No, not for me.  I come to work, see what my day holds, and then begin working with the design & production team to do everything that needs to get done.  It’s quite stressful but it’s worth every bit of it.  My job has changed to what it is today because when I came in doing strictly Product Development, I could see a need for more wide reaching organization.  So today it’s more of an Operations & Product Development role which keeps me all over the place.  

What makes your position and department vital to Alloy’s success? 
Being a moto company and our niche being racewear, it’s pretty much the lifeline.  We eat and sleep racewear and making top quality products is always the first & foremost priority.  Without quality racewear, we wouldn’t have Alloy.  Product Development time & quality is absolutely critical to the success of the company.  People who are into motcross and buy Alloy products invest $1,000s in their bikes and gear – it’s a large investment for anyone.  So producing gear that’s second to none and building that trust within the consumer is critical.  People are not only buying it because it looks cool but Materials, function, and price are really important

What the biggest challenge in building racewear?
The biggest challenge is trying to produce the best piece for the best price.  It has to have killer design, quality, and function with a price tag that has the quean.  This season we went through at least 10 sampling sessions for our pants to make quality and cost meet at the perfect point.   It’s really hard because as you’re bettering the pricing you have to consider how it’s going to affect the quality and design of the pant. 

How do you deal with those challenges?
The challenge there is really with our factories.  We can make changes and have samples made again, but if we’re not effective in communicating with them, the changes could result in little to no improvement.  So, the way we deal with the challenge is a lot of communication with our factories.  We’ve built a strong relationship and they understand who I am as a person / developer and what Alloy is trying to achieve.  Better communication and mutual respect equals better results.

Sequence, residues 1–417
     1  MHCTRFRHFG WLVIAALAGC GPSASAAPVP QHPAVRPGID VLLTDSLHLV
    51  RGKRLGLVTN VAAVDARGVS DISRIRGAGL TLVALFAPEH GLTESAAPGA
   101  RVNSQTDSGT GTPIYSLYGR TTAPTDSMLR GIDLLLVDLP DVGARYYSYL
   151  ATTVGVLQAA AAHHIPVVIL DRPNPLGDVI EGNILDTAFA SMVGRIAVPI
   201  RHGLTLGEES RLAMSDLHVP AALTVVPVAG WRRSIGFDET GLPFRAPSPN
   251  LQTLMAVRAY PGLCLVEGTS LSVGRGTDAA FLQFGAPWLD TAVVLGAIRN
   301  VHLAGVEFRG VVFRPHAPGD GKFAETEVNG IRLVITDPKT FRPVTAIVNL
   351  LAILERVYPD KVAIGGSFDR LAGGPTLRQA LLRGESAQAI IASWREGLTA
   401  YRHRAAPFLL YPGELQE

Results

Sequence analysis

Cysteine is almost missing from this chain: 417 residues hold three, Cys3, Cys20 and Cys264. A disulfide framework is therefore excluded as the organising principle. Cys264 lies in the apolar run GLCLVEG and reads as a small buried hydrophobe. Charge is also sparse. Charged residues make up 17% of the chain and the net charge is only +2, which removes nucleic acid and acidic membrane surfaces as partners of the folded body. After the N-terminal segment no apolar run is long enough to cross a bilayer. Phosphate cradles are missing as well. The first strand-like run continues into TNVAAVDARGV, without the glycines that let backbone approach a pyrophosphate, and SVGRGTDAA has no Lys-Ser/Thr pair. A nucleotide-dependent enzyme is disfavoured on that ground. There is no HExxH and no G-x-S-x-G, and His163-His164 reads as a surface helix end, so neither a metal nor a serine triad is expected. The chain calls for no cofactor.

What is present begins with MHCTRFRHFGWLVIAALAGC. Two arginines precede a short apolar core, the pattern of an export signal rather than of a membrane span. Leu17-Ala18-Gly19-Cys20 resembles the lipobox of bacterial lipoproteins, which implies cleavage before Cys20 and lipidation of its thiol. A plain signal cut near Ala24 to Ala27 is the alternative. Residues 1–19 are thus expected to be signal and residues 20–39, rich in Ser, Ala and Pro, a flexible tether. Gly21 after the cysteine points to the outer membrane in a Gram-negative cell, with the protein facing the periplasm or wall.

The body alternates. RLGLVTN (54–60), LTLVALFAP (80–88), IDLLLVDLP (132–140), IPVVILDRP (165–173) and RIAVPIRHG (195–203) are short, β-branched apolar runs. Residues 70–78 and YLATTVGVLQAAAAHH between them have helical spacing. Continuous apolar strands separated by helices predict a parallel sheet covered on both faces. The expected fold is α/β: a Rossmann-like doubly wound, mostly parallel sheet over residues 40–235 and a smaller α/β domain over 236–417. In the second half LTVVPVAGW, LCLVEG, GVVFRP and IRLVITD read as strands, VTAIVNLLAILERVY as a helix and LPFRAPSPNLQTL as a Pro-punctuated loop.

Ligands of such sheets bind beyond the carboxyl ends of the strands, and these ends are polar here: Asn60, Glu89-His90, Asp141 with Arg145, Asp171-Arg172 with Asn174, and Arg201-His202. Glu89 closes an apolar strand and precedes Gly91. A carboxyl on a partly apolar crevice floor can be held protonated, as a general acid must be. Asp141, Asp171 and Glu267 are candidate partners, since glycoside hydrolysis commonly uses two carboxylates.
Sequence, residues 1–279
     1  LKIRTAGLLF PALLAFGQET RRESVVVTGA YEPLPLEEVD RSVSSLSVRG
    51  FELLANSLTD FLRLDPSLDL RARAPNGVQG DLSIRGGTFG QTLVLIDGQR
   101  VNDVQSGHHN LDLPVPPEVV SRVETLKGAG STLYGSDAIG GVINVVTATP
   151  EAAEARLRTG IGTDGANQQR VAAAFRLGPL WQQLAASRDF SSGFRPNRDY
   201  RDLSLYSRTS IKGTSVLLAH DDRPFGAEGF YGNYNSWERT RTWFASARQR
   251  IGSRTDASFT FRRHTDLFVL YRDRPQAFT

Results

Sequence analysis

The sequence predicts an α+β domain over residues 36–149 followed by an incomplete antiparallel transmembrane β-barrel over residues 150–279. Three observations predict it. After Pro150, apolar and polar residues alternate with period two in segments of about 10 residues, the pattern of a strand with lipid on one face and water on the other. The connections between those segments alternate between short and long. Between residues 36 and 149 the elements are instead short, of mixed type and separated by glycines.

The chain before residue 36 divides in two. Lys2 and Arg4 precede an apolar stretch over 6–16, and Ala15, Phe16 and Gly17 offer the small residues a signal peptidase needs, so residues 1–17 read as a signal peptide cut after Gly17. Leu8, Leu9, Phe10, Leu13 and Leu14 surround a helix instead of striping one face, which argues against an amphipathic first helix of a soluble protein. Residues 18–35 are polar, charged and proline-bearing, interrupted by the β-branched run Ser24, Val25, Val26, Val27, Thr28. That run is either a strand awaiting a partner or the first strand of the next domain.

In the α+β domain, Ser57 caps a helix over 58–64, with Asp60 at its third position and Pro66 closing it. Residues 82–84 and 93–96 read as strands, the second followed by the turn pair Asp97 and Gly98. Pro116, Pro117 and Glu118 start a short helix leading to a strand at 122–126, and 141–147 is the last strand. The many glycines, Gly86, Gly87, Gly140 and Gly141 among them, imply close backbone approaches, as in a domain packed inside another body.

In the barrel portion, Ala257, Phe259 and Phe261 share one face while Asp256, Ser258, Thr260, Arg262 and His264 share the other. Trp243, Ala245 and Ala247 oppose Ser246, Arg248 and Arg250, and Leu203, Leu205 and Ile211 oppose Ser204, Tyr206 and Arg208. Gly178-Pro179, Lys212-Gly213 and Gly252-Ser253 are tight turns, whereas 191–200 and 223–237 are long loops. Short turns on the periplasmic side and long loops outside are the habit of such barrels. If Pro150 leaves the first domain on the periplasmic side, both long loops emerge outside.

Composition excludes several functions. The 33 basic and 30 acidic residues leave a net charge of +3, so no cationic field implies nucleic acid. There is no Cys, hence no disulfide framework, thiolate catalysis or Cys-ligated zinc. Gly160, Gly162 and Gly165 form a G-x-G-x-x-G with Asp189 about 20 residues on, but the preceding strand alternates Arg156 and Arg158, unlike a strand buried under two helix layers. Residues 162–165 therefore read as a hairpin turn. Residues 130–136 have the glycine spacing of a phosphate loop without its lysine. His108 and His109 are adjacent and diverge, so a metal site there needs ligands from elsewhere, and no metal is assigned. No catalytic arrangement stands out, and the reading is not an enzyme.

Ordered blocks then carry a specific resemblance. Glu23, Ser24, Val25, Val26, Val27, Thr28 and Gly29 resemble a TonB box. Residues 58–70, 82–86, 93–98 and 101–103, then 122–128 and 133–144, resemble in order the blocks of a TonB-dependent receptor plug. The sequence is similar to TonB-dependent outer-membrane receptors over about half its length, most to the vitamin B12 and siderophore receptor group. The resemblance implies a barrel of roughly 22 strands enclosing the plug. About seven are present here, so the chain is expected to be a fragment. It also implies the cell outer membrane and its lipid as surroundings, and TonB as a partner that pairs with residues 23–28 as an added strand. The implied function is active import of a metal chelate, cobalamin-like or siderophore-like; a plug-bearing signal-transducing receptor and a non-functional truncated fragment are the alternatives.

How do you measure success?
Ultimately success is determined by sales, but there’s more to it.  Success is when you walk in the door and you have a great place to work at.  Employees that respect each other, a company environment that’s passionate about what they’re trying to achieve.  Are we successful?  I think we are.  We have good people up front, honest, all care about each other.  In the midst of all that we’re having fun and building a business.  If the doors are open tomorrow, we’re a success today.

How is Alloy MX doing overall?
Alloy MX is a young company, about 4 years old, we are fortunate to be a part of a much larger organization which gives us access to so many resources and we’ve experienced constant growth during that time.  Our product is always getting better; our team roster grows with recent additions like the Suzuki Rockstar team.  As well as adding Travis Preston, Brock Hepler to our pro team.  We’re steadily finding our place on the map and in the market.  Our dealer network is growing daily.  Our success can be attributed to the people that make this company up.  On the whole everyone wants to be a part of something like this and make it happen.  There’s a lot of passion here.  If you want to feel excited about coming to work, this is the company to be at.  Not many companies function like we do.  Everybody has a title, but we have an open floor policy – meaning everyone is encouraged to communicate and voice an opinion.  It’s a really strong family atmosphere but we also know how to get down to business and execute.  Not to say we don’t have problems, everybody has problems.

What’s most rewarding aspect of what you do?
There are a few that share the top spot.  First and foremost seeing the riders on the track in the gear we make.  Talking to customers, sales reps, the sales team, riders, and getting feedback that is 99.9% positive. Making specialty gear like our Rockstar team gear, seeing our team manager really excited when looking at a new piece in the line for the first time and obviously the sales numbers.

What can you tell someone who is building a career within the industry, or looking to start one?
Learn as much as you possibly can.  Don’t take for granted where you work.  Anytime your employed somewhere that they’re willing to work with you, teach you, build you – take it.  Listen, learn, ask questions.  I’m a prime example.  I didn’t go to school for production or development, but I learned from great people, and I’m in a great place in terms of my career.